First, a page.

Jodie Foster revealed in an interview with The New York Times that her surprising 2013 Golden Globes acceptance speech was printed on a teleprompter.
When Foster accepted the Cecil B. DeMille Award for lifetime achievement in motion pictures, she used her speech to address rumors about her sexuality and to plead for her privacy.
“I already did my coming out about a thousand years ago back in the Stone Age, in those very quaint days when a fragile young girl would open up to trusted friends and family and co-workers and then gradually, proudly to everyone who knew her, to everyone she actually met,” Foster said in her speech.
“But now I’m told, apparently, that every celebrity is expected to honor the details of their private life with a press conference, a fragrance and a prime-time reality show. You know, you guys might be surprised, but I am not Honey Boo Boo Child. No, I’m sorry, that’s just not me. It never was and it never will be,” Foster continued.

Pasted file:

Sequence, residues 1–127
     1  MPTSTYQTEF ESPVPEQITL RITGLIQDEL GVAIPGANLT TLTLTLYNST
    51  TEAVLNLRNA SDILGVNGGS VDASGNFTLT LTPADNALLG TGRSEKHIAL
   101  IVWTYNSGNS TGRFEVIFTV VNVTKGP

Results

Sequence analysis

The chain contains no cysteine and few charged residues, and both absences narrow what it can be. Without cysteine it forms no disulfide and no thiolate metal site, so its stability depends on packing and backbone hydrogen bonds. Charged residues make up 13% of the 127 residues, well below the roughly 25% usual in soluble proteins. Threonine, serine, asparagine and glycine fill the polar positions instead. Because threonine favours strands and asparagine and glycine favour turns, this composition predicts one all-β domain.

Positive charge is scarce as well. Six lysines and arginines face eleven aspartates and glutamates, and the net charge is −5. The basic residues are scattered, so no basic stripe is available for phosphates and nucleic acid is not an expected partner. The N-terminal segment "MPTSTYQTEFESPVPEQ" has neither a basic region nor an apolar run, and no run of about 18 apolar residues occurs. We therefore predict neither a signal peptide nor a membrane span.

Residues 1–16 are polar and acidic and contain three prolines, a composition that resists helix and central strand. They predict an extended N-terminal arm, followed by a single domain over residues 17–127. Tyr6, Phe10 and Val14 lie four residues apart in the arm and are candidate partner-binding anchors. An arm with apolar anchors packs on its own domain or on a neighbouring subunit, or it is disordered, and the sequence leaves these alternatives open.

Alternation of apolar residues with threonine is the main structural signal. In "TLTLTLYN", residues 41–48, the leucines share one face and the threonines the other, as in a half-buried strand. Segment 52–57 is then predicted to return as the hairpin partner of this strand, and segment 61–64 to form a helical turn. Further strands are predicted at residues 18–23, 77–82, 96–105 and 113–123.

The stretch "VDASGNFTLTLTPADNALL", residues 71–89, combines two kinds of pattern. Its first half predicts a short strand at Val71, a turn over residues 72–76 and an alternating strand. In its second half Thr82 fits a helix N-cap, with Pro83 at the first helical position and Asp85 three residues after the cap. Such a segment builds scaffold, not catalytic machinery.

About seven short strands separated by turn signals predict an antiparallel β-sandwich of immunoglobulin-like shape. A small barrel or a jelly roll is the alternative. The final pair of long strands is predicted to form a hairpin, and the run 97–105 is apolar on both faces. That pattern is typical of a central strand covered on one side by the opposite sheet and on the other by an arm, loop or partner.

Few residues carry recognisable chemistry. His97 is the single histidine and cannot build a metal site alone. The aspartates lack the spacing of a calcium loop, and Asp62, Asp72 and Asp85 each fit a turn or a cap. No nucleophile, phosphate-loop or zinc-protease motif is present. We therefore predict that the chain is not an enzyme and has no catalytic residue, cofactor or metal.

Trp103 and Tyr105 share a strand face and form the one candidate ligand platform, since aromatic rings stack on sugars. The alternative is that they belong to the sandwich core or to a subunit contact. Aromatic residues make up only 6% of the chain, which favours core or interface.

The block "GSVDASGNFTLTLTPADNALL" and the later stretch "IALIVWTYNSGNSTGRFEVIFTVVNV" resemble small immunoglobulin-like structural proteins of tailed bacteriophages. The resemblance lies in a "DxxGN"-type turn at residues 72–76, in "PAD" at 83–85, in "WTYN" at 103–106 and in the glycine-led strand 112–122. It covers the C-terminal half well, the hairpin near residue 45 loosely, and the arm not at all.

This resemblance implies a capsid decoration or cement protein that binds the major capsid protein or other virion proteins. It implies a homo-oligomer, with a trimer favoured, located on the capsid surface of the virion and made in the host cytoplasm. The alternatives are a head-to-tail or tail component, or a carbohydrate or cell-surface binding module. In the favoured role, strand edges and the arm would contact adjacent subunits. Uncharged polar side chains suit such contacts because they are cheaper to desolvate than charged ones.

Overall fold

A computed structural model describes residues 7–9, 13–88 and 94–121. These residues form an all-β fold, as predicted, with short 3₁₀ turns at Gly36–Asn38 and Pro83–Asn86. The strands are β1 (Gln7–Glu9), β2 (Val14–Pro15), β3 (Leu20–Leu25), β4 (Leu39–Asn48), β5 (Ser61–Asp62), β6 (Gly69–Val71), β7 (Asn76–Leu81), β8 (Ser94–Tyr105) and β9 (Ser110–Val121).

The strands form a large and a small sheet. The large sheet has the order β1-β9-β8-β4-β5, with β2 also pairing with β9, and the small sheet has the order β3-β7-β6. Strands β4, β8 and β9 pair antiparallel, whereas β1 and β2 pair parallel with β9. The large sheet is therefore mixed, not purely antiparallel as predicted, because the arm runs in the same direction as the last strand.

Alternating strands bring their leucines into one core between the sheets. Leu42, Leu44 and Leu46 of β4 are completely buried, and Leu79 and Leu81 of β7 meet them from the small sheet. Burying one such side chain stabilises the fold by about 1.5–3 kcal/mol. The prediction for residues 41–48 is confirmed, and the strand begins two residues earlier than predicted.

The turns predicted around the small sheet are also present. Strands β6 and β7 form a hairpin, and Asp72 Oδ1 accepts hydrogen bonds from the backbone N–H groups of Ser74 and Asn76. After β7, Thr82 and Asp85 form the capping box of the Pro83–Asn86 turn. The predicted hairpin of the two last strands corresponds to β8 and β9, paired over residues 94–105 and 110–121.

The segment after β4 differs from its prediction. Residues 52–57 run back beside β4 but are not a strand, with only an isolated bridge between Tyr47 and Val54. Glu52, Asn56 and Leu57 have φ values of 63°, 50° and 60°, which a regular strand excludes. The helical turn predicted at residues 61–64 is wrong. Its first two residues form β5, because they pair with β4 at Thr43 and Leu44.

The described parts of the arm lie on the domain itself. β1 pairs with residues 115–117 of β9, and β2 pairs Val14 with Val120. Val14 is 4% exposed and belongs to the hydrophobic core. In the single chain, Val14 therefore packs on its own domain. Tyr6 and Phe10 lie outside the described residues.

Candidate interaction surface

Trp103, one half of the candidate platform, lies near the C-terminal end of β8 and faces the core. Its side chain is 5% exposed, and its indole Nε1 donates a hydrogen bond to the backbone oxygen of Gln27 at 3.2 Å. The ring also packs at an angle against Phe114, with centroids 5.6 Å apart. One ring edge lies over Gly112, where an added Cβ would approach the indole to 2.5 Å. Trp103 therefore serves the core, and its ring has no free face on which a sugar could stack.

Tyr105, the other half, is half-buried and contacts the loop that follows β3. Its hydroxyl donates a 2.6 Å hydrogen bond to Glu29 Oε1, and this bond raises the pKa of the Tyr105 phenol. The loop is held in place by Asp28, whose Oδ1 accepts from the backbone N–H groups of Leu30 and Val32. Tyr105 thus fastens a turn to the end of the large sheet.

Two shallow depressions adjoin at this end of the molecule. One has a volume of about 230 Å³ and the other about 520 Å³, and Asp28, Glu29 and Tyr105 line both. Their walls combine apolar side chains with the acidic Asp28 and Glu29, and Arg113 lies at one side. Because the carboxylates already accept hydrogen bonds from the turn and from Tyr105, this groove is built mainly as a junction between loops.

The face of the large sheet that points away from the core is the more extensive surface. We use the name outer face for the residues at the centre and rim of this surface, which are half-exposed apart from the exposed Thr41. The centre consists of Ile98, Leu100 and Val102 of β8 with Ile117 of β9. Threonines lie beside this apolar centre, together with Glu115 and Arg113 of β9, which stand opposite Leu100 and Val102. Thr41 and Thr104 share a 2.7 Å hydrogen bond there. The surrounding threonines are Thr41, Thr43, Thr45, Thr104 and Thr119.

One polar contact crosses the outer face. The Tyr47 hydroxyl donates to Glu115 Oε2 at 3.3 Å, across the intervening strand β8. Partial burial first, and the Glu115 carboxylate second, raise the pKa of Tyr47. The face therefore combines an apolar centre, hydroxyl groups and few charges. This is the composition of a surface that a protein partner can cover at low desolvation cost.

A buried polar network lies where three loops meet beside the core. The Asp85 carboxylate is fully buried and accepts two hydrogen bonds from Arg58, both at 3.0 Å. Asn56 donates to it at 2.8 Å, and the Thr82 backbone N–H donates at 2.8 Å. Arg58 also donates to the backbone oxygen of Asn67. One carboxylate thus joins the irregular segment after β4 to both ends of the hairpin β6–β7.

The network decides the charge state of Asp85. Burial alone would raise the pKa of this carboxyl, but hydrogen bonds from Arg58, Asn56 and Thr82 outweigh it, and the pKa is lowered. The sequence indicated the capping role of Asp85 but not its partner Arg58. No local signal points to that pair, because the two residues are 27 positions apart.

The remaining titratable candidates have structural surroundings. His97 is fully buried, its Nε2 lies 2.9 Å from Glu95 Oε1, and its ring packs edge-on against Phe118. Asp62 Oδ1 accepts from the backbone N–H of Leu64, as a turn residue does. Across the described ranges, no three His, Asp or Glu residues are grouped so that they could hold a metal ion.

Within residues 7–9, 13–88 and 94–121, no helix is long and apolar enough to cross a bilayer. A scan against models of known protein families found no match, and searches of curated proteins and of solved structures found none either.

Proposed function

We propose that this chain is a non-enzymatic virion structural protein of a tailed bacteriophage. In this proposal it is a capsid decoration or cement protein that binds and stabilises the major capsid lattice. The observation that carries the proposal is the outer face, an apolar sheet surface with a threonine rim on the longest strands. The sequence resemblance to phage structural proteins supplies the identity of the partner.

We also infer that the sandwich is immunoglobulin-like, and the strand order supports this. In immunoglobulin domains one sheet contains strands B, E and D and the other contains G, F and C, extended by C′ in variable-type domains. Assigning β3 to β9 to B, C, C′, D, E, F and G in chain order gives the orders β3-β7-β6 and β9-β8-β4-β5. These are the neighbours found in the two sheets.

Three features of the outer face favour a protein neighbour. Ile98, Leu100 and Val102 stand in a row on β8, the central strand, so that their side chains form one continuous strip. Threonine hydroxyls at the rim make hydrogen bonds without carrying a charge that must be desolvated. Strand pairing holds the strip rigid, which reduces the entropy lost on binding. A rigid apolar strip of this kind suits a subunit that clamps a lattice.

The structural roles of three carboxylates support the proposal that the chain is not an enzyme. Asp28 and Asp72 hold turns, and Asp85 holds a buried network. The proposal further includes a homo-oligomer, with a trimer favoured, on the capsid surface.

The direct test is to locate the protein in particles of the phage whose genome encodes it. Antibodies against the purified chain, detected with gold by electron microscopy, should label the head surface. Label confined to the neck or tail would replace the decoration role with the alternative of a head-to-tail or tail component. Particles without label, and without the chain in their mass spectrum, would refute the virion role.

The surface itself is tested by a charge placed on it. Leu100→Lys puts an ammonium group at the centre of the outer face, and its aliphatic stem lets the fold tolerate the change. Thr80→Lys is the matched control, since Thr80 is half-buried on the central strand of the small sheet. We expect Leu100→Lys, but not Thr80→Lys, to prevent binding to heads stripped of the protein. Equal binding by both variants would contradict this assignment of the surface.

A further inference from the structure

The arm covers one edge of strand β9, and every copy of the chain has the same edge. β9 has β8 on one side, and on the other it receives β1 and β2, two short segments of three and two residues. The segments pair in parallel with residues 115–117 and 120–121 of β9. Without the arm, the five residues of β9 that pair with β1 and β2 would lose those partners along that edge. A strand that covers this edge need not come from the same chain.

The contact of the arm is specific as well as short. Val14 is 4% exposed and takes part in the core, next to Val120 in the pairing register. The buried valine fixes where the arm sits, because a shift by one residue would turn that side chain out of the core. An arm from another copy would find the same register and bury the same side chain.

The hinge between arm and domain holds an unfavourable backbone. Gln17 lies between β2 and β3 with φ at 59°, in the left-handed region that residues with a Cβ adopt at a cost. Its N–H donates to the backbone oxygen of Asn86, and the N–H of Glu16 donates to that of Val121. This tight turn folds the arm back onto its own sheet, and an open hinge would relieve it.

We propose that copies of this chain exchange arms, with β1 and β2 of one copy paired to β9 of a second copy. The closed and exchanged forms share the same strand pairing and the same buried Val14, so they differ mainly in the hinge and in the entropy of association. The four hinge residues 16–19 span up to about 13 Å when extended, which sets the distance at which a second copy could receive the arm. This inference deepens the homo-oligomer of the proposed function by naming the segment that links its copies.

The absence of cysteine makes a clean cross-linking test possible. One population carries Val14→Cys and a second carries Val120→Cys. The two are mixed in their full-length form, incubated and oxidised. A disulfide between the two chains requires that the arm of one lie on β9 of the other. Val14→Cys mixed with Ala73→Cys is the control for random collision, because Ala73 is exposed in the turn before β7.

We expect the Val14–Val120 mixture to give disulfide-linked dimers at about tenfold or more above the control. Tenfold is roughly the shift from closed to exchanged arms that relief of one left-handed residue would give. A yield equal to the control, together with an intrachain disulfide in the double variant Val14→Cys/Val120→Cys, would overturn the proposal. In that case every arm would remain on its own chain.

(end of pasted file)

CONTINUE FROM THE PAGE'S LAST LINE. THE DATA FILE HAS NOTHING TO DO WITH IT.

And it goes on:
Foster tells The New York Times she scripted the speech because she wanted to get her message across correctly.
“Every word. I didn’t want to get it wrong,” Foster says.
Her plea for privacy is something that is still important to her and Foster says she won’t talk about people in her private life.
“I never will talk about marriage and friends. There are only so many steps I can take to protect people I love. There’s only so much I can do to keep them safe. It’s kind of a horrible feeling to know that if somebody’s close to you, you put them in danger of being hurt, of being sullied — trivialized — just by virtue of knowing you,” Foster told The New York Times.
Although the speech wasn’t clear exactly what the actress was referring to, Foster says she wants to keep it that way.
“Everything I have to say on that subject, I said that night. I can be vague. Vague is moving to me,” Foster says.